As is so often the case these days, this new — and potentially problematic — education policy is driven primarily by the ongoing crisis in public school funding.
In the last little while a truly stunning number of Republican officials and candidates have gotten press for making stunningly horrible statements, from the Wisconsin state representative who said “some girls rape easy” to the Georgia congressman who called the big bang a lie “from the pit of hell” to the Arkansas legislator who called slavery “a blessing” to the other Arkansas legislator who pointedly noted that Jesus was okay with slavery before calling President Lincoln a marxist.
It’s been an interesting month. But I think this one takes the cake.
A few days ago it was revealed that Charlie Fuqua, a candidate for the Arkansas state House of Representatives, wrote in a recent e-book that the state should have the legal right to execute “rebellious” children, so long as the kids’ parents agree.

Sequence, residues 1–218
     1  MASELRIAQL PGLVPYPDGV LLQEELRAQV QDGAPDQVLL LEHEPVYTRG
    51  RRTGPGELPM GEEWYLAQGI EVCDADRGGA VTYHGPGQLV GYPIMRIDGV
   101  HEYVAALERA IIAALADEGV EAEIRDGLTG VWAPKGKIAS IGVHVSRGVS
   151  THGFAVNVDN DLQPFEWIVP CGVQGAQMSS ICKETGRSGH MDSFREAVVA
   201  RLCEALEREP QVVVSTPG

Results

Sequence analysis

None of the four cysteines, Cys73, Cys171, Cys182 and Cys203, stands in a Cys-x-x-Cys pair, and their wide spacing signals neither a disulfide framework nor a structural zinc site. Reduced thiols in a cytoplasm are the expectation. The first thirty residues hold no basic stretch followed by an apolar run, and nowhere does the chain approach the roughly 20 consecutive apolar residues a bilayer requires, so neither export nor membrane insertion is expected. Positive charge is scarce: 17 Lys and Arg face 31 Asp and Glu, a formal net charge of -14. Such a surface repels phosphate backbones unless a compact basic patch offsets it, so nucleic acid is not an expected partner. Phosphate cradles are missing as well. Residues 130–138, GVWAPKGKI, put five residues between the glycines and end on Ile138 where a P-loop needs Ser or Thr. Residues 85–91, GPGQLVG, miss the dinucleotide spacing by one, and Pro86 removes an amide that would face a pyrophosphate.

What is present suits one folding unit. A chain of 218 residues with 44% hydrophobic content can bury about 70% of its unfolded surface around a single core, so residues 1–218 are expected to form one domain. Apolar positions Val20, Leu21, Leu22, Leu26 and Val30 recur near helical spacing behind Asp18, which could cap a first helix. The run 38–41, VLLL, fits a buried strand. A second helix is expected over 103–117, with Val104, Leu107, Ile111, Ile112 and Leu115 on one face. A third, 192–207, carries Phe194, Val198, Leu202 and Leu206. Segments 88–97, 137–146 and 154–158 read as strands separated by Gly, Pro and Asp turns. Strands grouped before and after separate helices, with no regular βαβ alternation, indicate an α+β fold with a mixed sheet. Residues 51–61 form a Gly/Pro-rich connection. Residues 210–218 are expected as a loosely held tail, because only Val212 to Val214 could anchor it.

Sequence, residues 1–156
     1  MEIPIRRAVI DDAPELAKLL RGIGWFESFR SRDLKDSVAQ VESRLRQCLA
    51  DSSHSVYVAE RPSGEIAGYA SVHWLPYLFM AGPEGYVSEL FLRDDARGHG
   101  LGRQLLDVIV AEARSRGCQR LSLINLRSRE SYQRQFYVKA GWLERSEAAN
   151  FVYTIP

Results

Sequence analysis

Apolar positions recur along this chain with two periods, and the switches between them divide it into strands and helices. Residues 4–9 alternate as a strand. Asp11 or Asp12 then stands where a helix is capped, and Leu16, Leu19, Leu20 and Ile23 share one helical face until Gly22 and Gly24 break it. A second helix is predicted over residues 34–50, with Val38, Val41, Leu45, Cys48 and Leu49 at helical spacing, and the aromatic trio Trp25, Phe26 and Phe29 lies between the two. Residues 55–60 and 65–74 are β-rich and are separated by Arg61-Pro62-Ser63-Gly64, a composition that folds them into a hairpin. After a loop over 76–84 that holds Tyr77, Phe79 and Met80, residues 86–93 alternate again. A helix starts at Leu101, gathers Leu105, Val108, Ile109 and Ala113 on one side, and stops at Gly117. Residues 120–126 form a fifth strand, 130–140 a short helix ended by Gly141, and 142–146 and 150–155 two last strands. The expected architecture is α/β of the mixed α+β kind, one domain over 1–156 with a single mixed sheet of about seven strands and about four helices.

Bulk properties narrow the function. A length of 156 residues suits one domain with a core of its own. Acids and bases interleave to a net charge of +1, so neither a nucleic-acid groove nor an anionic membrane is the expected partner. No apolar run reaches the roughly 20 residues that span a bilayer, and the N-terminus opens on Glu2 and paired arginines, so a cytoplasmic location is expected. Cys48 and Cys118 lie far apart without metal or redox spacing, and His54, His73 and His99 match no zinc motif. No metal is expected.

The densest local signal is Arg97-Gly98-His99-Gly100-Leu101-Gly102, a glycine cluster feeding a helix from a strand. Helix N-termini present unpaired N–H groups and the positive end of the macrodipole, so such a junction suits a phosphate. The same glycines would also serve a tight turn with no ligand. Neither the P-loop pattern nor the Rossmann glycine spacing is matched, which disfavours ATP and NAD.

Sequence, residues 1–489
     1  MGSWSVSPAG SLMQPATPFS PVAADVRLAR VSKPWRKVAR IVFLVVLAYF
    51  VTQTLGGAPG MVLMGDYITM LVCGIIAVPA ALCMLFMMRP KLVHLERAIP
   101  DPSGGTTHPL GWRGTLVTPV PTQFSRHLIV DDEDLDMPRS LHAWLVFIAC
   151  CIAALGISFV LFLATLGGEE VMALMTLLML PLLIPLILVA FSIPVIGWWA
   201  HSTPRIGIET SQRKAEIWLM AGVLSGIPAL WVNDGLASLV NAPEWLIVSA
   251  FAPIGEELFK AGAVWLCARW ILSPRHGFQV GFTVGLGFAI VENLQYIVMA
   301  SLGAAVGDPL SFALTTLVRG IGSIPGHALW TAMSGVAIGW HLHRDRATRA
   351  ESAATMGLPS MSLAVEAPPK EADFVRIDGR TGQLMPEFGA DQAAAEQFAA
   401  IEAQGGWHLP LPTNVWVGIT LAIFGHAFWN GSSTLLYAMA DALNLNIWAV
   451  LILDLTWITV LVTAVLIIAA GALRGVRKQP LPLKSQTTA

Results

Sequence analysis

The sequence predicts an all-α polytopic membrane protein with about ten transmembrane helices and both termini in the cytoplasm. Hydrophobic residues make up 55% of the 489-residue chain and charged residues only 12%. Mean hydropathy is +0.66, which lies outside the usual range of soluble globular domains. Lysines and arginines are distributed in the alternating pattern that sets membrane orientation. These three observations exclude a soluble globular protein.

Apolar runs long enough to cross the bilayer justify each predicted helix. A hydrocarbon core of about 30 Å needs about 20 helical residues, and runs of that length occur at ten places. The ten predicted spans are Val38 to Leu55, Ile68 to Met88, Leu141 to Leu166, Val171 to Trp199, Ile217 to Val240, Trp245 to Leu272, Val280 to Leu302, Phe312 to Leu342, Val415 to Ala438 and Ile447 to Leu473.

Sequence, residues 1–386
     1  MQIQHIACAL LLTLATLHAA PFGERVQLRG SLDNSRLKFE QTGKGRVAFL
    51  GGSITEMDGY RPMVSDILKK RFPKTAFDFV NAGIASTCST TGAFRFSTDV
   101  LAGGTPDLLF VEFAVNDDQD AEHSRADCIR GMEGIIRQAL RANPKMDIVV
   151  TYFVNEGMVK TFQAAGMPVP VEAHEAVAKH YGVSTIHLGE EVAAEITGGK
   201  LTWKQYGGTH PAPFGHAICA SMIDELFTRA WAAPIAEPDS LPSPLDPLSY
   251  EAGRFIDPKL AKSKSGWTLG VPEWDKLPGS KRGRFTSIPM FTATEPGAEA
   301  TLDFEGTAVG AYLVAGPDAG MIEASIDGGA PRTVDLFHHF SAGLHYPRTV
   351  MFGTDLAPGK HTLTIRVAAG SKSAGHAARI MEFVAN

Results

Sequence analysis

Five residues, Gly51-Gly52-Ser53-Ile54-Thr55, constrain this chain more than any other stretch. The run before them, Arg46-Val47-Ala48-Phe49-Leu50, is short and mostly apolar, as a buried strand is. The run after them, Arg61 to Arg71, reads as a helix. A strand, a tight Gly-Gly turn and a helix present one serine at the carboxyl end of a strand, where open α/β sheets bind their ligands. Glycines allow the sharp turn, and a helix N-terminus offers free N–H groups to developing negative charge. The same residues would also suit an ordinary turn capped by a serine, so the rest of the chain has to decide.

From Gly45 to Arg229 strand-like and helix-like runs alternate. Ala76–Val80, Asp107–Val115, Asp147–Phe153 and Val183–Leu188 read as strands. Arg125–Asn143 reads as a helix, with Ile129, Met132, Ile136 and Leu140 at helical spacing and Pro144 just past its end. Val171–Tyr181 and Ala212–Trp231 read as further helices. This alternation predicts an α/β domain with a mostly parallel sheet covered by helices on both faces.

“The maintenance of civil order in society,” he writes,”rests on the foundation of family discipline. Therefore, a child who disrespects his parents must be permanently removed from society in a way that gives an example to all other children of the importance of respect for parents.” Quoting a passage in Deuteronomy which calls for the stoning of habitually disobedient children, he continues: